6. For the pilot trial, participation is recommended by some of the provincial entities that belong to EITI and/or those provinces where companies in the mining, gas and oil sector that have been included in EITI operate. In a medium- to long-term scenario, the registers of provincial permits and concessions should be included. It is recommended to address the issue in the setting of the Federal Mining Council and the Federal Hydrocarbons Council, where the provinces are politically represented.

Sufficient detail

7. Currently, it is possible to proceed with the pilot trial in the extractive industries implementing the obligation to require information on beneficial ownership as a condition for registering in the registers of mining and hydrocarbons (see Point 4 of the Overview of Recommendations). In order to have compliance in a simple and immediate form, and until there are other overriding mechanisms, companies should present to the authorities of Mining and Hydrocarbons a sworn statement that they have filed with the IGJ (with headquarters in the Autonomous City of Buenos Aires) or a sworn statement on beneficial ownership that they have filed with the AFIP, as the case may be.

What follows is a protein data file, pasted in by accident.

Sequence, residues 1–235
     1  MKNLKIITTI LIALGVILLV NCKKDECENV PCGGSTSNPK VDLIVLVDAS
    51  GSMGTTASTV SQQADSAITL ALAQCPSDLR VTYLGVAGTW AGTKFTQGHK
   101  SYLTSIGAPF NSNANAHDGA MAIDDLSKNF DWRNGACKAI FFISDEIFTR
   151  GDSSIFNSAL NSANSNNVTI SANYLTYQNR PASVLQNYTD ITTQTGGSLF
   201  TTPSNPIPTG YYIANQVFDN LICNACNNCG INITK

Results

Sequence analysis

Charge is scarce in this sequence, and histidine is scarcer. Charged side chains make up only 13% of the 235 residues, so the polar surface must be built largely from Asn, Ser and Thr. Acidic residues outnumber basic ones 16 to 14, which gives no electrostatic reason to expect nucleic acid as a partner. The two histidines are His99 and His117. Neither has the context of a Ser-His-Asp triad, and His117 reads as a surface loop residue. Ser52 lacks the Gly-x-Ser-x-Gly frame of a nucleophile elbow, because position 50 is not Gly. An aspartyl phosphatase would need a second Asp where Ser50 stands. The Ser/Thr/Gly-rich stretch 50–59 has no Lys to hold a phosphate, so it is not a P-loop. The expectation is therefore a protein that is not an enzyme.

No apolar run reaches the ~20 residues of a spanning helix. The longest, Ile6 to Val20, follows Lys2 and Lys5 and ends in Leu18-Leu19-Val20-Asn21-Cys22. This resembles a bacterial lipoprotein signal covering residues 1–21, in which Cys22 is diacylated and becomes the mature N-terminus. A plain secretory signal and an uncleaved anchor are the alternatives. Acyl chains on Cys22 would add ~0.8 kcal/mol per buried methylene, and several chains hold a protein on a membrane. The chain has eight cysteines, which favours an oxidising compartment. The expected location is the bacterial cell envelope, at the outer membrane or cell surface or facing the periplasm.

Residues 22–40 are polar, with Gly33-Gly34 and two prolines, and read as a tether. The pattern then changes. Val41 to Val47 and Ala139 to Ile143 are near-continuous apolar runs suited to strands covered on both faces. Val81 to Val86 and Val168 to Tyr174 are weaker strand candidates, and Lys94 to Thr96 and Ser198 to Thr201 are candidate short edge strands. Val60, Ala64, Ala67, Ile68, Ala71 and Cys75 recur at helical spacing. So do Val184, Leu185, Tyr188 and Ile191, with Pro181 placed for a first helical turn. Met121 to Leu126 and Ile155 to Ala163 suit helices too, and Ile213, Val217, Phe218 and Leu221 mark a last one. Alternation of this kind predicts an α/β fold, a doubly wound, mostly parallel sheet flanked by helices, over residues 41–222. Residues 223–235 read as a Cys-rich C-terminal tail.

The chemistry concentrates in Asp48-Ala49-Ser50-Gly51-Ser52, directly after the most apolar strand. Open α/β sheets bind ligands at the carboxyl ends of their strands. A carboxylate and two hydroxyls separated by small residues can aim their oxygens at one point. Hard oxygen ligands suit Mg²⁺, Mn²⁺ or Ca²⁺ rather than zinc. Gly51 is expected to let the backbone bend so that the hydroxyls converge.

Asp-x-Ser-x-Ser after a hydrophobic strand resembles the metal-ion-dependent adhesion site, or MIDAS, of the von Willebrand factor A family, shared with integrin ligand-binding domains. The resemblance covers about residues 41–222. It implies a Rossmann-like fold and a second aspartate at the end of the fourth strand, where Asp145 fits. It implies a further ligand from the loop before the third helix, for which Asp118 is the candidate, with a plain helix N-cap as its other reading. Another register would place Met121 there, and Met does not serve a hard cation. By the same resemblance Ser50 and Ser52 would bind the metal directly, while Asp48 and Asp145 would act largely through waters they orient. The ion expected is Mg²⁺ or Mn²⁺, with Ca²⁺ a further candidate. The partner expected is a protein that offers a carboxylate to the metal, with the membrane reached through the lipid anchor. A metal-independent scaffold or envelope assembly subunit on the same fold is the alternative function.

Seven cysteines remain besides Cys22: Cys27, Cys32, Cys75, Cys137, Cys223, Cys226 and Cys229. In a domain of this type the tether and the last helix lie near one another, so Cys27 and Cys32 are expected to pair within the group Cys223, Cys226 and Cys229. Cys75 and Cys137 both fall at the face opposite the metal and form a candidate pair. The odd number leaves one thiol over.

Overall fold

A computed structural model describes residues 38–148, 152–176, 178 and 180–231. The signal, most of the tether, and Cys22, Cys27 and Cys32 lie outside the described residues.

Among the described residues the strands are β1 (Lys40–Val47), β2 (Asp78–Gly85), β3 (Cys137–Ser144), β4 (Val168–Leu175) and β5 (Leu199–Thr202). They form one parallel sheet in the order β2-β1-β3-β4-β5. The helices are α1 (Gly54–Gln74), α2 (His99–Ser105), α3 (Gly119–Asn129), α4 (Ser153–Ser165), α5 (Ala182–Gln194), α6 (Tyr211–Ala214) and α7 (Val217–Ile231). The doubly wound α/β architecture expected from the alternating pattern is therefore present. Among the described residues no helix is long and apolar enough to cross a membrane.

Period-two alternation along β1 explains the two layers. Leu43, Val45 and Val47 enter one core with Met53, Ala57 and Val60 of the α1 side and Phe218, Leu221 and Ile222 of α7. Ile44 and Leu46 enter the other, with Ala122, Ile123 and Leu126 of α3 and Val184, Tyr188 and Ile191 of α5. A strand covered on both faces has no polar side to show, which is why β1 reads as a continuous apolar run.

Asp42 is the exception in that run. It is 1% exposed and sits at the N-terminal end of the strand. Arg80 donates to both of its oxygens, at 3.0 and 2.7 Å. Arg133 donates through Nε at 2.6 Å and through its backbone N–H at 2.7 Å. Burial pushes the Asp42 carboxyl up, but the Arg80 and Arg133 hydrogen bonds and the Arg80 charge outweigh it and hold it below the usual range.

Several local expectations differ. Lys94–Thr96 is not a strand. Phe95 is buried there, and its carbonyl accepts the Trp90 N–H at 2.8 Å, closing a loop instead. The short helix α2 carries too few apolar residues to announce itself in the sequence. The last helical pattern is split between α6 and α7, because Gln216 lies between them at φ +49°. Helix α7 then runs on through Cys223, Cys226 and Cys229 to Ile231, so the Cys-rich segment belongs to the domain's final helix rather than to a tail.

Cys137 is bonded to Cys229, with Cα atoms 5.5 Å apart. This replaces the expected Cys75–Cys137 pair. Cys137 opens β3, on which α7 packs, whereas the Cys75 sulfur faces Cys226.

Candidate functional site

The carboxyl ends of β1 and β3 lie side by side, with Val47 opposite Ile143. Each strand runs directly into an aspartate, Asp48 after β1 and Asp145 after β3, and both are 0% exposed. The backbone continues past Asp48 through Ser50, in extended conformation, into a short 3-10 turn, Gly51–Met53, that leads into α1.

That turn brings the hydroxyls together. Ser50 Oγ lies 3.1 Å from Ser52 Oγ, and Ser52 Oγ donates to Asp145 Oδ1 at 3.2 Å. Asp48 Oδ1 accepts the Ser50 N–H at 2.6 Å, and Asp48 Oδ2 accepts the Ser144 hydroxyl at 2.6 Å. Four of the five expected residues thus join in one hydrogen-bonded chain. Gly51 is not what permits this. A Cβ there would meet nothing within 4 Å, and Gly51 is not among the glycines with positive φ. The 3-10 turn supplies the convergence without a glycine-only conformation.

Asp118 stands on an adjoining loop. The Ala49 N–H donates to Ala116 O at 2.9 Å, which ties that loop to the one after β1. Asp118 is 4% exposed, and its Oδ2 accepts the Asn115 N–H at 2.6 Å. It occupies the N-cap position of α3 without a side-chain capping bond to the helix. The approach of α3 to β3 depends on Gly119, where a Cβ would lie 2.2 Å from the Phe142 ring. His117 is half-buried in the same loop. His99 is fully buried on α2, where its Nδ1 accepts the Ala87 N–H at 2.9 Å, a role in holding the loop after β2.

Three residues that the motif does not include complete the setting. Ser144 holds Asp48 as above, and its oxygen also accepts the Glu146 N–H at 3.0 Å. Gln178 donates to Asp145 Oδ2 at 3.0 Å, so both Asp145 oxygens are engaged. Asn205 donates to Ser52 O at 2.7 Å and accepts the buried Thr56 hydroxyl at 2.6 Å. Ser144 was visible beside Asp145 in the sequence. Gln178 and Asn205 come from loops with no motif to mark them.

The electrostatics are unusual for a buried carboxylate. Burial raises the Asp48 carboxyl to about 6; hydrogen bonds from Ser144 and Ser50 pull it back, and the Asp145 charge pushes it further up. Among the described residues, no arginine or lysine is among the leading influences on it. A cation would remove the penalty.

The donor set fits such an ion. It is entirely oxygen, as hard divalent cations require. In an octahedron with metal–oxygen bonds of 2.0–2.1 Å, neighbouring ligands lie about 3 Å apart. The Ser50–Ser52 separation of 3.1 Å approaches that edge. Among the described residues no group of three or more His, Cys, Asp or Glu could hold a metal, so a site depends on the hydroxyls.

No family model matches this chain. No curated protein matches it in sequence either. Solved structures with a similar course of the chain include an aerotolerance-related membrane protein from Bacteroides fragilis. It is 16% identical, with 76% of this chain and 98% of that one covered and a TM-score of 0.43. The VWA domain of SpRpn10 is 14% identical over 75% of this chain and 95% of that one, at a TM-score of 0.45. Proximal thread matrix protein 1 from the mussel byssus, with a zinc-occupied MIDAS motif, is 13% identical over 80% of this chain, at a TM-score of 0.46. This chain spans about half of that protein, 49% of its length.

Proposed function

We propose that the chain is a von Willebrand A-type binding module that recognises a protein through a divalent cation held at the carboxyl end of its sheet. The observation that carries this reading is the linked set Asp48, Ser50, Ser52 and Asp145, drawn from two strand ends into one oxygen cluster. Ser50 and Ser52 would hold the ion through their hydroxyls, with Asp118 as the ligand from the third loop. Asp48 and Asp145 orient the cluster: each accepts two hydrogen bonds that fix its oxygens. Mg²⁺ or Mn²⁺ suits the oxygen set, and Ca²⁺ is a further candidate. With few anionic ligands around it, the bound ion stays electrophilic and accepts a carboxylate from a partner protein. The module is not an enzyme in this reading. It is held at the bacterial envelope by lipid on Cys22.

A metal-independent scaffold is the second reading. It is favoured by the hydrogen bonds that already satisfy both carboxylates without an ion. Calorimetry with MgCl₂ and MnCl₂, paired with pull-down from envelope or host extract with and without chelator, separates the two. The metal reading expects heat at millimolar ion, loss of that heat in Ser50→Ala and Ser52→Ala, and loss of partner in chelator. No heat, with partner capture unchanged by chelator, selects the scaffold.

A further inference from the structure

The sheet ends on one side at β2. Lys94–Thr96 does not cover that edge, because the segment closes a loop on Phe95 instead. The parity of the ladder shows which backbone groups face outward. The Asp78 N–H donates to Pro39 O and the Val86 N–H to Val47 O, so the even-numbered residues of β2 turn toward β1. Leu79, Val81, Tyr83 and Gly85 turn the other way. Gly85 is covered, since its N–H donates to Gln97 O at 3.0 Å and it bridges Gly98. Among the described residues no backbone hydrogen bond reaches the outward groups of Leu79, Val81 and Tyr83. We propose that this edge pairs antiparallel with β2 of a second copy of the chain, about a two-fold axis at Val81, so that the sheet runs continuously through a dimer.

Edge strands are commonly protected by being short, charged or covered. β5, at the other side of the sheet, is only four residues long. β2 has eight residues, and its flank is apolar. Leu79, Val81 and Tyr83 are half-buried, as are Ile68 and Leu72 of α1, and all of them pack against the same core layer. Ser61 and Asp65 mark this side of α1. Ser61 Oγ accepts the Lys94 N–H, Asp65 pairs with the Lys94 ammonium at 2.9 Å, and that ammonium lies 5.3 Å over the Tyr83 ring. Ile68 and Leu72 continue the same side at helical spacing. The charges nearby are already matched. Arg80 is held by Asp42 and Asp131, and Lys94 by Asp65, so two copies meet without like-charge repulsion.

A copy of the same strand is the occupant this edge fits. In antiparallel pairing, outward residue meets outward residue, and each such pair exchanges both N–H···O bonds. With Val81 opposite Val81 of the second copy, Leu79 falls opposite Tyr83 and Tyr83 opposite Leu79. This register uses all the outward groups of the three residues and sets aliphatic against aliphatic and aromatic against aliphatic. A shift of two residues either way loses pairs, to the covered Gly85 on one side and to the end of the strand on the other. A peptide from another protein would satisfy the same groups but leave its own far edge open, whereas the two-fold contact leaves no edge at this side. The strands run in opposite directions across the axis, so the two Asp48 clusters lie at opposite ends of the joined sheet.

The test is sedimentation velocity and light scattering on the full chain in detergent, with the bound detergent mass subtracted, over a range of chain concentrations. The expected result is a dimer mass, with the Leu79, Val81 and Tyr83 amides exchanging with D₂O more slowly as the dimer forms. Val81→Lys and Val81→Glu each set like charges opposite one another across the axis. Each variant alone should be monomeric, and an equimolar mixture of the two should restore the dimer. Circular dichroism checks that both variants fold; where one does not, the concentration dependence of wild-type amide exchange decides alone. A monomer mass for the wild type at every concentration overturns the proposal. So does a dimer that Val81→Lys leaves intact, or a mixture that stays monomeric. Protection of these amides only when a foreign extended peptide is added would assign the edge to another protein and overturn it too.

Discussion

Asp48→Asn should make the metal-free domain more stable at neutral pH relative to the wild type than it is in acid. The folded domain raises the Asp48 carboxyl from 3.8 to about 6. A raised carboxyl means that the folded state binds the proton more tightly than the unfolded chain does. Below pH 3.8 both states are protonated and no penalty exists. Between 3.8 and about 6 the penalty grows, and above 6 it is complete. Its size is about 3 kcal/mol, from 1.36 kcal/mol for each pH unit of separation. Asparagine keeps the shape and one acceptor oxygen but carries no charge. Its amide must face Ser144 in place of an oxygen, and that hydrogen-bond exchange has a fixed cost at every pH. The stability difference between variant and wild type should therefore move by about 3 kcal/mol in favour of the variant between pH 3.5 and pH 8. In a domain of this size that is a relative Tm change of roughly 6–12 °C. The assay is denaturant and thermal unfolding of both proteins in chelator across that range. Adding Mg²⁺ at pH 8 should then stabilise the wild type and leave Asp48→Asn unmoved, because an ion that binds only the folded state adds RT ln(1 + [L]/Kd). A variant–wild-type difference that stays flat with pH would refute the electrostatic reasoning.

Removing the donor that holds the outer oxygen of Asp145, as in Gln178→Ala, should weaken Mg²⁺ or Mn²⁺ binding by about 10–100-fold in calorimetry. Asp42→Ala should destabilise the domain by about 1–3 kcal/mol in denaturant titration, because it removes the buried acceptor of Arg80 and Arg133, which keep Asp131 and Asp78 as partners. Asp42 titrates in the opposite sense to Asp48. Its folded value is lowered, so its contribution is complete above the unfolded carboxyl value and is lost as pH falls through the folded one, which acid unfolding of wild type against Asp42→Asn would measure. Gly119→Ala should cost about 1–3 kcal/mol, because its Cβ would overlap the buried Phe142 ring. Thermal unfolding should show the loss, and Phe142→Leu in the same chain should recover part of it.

8. To enhance compliance with this principle, on the IGJ declaration form, they should fill out other fields that increase the level of detail in the data on ultimate beneficial owners, the entities in question, and above all, what are the means through which the property is maintained or control is exercised.

9. To proceed gradually with data interoperability, the BO information should be included as an additional field in the National Corporate Registry (NCR) making it possible for both the general public as well as the competent agencies to search them online (including the provinces). The agencies, in turn, would be able to verify data faster without the need to require companies to do what is indicated in Point 7.

Central register